Amy Hebel-Brenner

Lisa Cuffe was accustomed to her fingers turning purple when the weather was chilly or the air conditioning was turned up, but she didn’t think her response was anything out of the ordinary.

Lisa CuffeBut in 1997 when she was in seventh grade gym class, she grew concerned. “We were sitting on the gym floor, and it was cold. “When I looked at everyone else’s hands, I noticed only my hands were off-colored,” recalls the 38-year-old graphic designer, a resident of Palatine, IL. “I asked to go to the school nurse.”

The nurse knew immediately what it was. “You have Raynaud’s disease,” she told me. I freaked out when I heard I had a disease,” Lisa remembers. “When I got home and told my parents, they took me to my pediatrician.”

Like the nurse, the doctor was knowledgeable—and empathetic. She was wonderful!” Lisa said. She told me, “I have Raynaud’s too,” and then explained to my parents it was an actual condition, which was very helpful.”

The doctor advised Lisa to always have a sweater on hand, wear gloves, and to turn up the thermostat if possible. “She said if I ended up having any other issues because of it, she could always write my school a letter regarding my condition or talk to anyone else if I needed proof.”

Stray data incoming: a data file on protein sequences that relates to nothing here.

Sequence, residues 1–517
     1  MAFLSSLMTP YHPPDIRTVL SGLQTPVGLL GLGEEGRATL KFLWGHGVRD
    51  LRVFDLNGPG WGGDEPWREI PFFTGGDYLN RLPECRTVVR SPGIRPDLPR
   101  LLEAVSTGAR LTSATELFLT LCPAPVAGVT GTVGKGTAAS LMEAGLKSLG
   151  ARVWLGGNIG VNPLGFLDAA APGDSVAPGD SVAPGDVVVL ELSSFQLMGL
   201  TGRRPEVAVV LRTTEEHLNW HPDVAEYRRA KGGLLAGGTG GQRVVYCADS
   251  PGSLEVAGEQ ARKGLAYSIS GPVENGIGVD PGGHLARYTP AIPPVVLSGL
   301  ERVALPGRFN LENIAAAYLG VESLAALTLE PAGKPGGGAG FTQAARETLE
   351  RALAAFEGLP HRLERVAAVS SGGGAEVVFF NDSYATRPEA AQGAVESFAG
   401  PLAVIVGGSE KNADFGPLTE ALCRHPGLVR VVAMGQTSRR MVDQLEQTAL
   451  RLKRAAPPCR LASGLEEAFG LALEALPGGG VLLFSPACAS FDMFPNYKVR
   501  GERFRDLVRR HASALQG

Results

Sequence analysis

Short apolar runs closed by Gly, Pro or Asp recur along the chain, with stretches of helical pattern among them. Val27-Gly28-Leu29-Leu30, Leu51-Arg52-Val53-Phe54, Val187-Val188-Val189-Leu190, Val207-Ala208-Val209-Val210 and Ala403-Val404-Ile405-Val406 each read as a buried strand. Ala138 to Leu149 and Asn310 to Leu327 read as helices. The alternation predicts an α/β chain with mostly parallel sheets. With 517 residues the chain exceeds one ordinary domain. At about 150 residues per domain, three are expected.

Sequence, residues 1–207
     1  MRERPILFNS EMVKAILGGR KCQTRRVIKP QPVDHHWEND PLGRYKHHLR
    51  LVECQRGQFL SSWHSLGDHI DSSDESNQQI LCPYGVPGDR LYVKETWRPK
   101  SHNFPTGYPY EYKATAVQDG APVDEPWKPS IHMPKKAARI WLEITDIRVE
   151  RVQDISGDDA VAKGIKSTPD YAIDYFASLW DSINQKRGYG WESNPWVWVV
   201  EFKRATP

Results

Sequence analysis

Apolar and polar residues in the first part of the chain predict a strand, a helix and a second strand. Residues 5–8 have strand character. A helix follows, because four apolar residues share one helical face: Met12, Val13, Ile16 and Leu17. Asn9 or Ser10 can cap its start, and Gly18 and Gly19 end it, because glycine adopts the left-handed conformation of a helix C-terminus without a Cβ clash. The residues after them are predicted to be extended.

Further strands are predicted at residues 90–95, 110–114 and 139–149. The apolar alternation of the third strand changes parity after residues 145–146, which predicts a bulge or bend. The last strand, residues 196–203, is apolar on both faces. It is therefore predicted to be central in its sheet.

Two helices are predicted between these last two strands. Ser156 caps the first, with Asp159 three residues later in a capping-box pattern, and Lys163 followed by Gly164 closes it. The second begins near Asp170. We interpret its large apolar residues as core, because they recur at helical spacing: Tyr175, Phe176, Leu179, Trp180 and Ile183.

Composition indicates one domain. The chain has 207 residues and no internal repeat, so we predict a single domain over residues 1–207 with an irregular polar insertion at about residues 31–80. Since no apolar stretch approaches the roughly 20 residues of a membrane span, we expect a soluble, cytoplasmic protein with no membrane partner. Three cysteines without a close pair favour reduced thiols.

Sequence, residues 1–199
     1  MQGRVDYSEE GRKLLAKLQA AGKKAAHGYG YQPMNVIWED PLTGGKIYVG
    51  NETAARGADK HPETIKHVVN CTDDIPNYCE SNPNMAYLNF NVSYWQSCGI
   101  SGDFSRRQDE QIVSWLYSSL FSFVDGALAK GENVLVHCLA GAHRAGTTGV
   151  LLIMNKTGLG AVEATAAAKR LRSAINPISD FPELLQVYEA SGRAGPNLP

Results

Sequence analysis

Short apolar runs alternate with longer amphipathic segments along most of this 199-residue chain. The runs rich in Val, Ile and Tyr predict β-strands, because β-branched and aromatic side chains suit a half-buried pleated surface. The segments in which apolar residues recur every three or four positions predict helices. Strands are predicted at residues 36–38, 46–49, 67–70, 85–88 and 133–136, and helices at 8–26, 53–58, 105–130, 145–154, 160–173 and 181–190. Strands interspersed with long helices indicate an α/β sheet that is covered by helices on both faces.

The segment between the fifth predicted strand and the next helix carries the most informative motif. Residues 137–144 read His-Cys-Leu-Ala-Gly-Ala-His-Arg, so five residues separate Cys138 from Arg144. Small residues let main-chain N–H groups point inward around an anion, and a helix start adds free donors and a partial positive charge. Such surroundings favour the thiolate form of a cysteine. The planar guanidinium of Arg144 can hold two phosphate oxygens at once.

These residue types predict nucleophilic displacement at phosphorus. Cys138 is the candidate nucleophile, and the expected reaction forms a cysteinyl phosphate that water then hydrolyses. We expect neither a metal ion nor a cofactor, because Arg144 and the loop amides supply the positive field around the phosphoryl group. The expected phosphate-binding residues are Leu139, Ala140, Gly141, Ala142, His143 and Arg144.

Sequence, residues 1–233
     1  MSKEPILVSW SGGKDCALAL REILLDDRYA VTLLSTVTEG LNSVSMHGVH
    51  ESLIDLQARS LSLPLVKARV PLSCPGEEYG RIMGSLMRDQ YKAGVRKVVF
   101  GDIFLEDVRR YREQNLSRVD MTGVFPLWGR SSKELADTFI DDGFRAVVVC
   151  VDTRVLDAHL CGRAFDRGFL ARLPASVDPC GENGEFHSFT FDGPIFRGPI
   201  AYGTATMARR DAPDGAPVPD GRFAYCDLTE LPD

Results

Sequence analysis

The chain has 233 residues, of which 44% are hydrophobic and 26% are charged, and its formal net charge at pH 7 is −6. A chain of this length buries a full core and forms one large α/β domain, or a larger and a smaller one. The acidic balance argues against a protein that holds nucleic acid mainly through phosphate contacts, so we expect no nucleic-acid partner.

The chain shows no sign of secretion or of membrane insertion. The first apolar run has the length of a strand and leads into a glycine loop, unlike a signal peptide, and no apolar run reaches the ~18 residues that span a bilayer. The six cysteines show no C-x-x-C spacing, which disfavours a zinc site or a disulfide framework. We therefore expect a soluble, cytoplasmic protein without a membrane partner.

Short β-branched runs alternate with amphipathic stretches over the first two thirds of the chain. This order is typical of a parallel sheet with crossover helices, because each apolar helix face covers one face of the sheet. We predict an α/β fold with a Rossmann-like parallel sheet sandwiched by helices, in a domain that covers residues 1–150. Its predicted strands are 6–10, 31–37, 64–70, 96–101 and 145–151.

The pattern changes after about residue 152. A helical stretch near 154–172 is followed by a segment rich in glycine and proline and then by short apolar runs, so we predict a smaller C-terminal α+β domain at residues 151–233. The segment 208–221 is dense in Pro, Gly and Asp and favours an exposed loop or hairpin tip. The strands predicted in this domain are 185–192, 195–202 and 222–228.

Adjusting the thermostat wasn’t a feasible step when Lisa entered college, however. “I was always cold in my dorm and it became an issue because I wasn’t able to change the thermostat,” she said. From the Raynaud’s Association’s website, she found fingerless gloves that helped to keep heat in her hands, but they weren’t a complete solution. Lisa eventually moved off-campus into an apartment that allowed her to control the thermostat. “It was so much better!” she reported.

Fingerless gloves are very helpful now in her work as a graphic designer. “They allow me to type and work,” she says. “I always have a sweater on hand too.” People with Raynaud’s need to be aware of their surroundings to be sure they have whatever they need on hand to keep warm, she advises.

Lisa credits the Raynaud’s Association for its support and resources, and for giving her the empowerment to know there are many more people like her. Her advice to other Frosties? “Don’t worry about what anyone else thinks about your being covered up when they’re perfectly comfortable. Your health comes first!”

We want to hear about that key moment when you first realized that colored fingers or painful toes just weren’t normal.  Here’s more information in our post:  Share Your Moment of Raynaud’s Discovery

These profiles are part of our ongoing Member Spotlight series.  For more information on our Member Spotlight feature and stories like this one from Lisa Cuffe, here’s the original post: Introducing Member Spotlight!

Share This!